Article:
MLB Preview 2011: Analyzing the Rays’ Key Matchups in the AL East
This year's American League East is going to be a very hotly contested division. With all five teams easily capable of putting together .500 or above seasons, the order of finish could be dictated by just a few games.
For the Tampa Bay Rays, the new look of the franchise gives them a new set of advantages and disadvantages over their division rivals. While the other teams within the division spent big bucks this offseason, the Rays were able to cut their payroll from over $70 million to approximately $42 million without sacrificing a tremendous amount of production.
While this is a great feat in terms of business, the results on the field will determine how smart the Rays really are. Here are some of the big matchup advantages and disadvantages the Rays have going into the 2011 season.
James Shields vs. Red Sox Lineup
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There are few words scarier in baseball right now:
Crawford, Pedroia, Youkilis, Gonzalez, Ortiz.
Put them in any order and you will always have the best middle-of-the-order in baseball this year or any of the past several years. The Red Sox have a "Muderer's Row", so to speak, playing at one of the best hitting parks in baseball.
To the left-handed Adrian Gonzalez, who averaged 32 home runs per season in Petco Park, a notoriously tough place to hit, the 302 feet to the Pesky Pole at Fenway must look awfully nice.
So what does this have to do with the Rays? Enter James Shields.
Once the Rays' ace, he enters 2011 as the oldest starter and perhaps the biggest question mark. His 34 home runs allowed last season and 5.18 ERA were weak spots for a very strong Rays team.
He was battered and beaten last year, and that was with an injury-depleted Red Sox team. With 18 games per year against the BoSox, Shields' propensity for allowing home runs seems to be a major disadvantage.
Rays Lineup vs. Yankees Starting Pitching
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For all the millions and millions of dollars the Yankees spend, they failed to upgrade the part of their team that could be their Achilles' heel in 2011—their pitching rotation.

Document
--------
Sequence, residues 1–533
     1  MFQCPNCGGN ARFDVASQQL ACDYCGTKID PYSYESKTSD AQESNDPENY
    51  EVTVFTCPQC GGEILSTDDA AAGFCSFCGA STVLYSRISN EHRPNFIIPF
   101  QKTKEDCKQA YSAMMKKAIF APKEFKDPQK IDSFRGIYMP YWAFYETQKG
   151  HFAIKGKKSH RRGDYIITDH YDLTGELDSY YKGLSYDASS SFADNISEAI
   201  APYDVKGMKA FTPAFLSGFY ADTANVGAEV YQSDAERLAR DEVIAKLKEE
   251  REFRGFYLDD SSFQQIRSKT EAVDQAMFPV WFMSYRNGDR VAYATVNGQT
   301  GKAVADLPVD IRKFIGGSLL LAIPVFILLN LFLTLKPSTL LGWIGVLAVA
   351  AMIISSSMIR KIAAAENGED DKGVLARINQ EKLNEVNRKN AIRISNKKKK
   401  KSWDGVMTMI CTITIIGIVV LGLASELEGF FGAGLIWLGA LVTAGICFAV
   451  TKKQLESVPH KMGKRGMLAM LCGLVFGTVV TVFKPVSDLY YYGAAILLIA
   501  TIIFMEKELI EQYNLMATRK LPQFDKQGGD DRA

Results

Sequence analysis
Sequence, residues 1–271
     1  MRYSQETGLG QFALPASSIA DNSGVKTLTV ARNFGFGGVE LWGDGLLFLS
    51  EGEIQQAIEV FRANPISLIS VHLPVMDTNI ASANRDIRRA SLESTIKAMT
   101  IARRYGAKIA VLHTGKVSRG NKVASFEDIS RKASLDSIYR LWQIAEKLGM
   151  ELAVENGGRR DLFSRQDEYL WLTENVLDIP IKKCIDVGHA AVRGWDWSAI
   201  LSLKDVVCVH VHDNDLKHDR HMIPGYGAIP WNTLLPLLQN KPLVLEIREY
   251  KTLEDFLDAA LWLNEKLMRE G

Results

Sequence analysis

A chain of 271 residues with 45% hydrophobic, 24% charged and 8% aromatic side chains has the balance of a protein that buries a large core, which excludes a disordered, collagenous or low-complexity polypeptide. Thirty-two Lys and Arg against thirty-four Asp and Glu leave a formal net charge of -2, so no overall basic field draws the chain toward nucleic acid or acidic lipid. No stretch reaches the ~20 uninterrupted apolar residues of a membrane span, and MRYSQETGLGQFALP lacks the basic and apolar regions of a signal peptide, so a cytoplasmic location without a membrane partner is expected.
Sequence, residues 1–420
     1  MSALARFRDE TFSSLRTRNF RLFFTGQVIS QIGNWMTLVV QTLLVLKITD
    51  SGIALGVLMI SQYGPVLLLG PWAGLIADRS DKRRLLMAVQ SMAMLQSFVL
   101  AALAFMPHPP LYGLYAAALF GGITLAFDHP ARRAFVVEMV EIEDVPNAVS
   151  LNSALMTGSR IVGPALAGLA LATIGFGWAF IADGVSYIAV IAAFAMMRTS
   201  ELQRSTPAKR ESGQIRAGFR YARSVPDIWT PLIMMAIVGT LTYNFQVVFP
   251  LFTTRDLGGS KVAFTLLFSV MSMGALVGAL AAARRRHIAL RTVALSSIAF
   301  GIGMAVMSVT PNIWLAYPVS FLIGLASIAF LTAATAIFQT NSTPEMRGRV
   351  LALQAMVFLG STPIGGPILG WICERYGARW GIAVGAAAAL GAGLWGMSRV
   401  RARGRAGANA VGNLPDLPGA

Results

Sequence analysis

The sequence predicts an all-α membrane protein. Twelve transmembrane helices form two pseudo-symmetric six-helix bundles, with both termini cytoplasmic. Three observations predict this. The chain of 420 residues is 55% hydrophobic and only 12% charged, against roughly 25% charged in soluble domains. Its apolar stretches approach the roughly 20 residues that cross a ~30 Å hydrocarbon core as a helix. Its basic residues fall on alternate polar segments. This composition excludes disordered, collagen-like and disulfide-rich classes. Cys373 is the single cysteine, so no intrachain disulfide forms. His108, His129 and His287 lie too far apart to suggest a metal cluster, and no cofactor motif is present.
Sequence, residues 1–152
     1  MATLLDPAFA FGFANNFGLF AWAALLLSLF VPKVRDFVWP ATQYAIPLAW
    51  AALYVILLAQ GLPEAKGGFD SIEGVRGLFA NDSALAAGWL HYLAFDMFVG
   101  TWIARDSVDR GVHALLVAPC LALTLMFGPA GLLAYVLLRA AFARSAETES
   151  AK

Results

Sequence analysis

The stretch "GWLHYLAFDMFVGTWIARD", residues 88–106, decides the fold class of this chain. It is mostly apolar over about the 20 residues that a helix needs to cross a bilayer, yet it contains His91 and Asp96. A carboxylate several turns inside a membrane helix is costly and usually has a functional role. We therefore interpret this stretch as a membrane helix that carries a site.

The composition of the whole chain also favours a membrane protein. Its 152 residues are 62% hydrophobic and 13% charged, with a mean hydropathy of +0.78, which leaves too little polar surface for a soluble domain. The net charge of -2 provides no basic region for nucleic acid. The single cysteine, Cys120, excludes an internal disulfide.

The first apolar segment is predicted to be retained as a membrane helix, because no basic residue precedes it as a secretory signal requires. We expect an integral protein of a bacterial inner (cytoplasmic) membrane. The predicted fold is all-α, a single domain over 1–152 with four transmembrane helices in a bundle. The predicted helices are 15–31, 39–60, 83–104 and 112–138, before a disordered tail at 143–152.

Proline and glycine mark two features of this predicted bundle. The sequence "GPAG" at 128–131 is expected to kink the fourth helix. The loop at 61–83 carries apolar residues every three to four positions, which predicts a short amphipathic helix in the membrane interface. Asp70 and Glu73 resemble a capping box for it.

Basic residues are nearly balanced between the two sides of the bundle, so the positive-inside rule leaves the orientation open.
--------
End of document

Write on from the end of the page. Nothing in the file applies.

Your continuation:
With C.C. Sabathia and Phil Hughes at the top, the Yankees have two proven studs. But beyond that, guys like A.J. Burnett, Ivan Nova and Freddy Garcia hardly scare anyone.
But taking a closer look, Sabathia and Hughes haven't been at their best against the Rays.
Sabathia faced the Rays five times in 2010, going 1-1 with a 1.81 ERA. Not bad. But in a crucial late-September game, Sabathia allowed 7 runs to the Rays.
Hughes started only three games against Tampa Bay, going 1-2 with a 4.74 ERA, shaky numbers for a guy who is the consensus second-best pitcher in the rotation.
The point? The Yankees' rotation is vulnerable, and with the Rays lineup projecting to produce at the same or higher levels than 2010, this looks like a very beatable team. Being able to beat the Yankees' rotation to avoid their stellar bullpen is a huge advantage for the Rays.
Rays' Strikeout Lineup vs. Blue Jays' Strikeout Pitchers
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One glaring weakness that came into clear view during the 2010 season for the Rays was their almost uncanny ability to strike out. Their 23.8 percent team strikeout rate was the third-highest in baseball behind the Marlins and Diamondbacks.
Some of the most important hitters for the Rays struck out a heck of a lot. Kelly Shoppach (44.9), B.J. Upton (30.6) and even Evan Longoria (21.6) struck out more than one would like.
This poses a big problem when facing the Toronto Blue Jays, a team with a strikeout-savvy rotation. All four of the Jays' regular starters had K/9 rates of over six, led by Brandon Morrow at 10.95 strikeouts per nine innings.
Against the Rays, Toronto pitchers averaged 7.6 strikeouts per game, though this might be slightly inflated due to Brandon Morrow's 17-strikeout performance. Even still, that is over seven at-bats where the ball was not put in play. Over the course of a game, that's a big, potentially outcome-changing effect.
This high strikeout rate on both sides serves as a disadvantage for the Rays.
New-Look Rays vs. New-Look Orioles
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The Baltimore Orioles, also known as the Fightin' Showalters, made several huge acquisitions this past offseason. Building on a strong finish to its 2010 campaign, Baltimore added the likes of Derrek Lee, J.J. Hardy, Mark Reynolds and Vladimir Guerrero to their lineup, Justin Duchscherer to the pitching rotation and Kevin Gregg to the bullpen.
This is a strong team. But are they good enough to compete with the AL East?
Against the Rays last year, the Orioles pitched and hit fairly well. Jeremy Guthrie and Kevin Millwood combined to go 3-3 against Tampa Bay, but had a good combined ERA of 2.86. Brian Matusz also pitched well against the Rays, with a 2-1 record.
Hitting-wise, the Rays were haunted by Luke Scott, who hit .370 with five home runs against them. Felix Pie, Matt Wieters and Adam Jones also hit well. Add the potent bats of Lee, Hardy, Reynolds and Guerrero, and the Orioles have a very challenging lineup.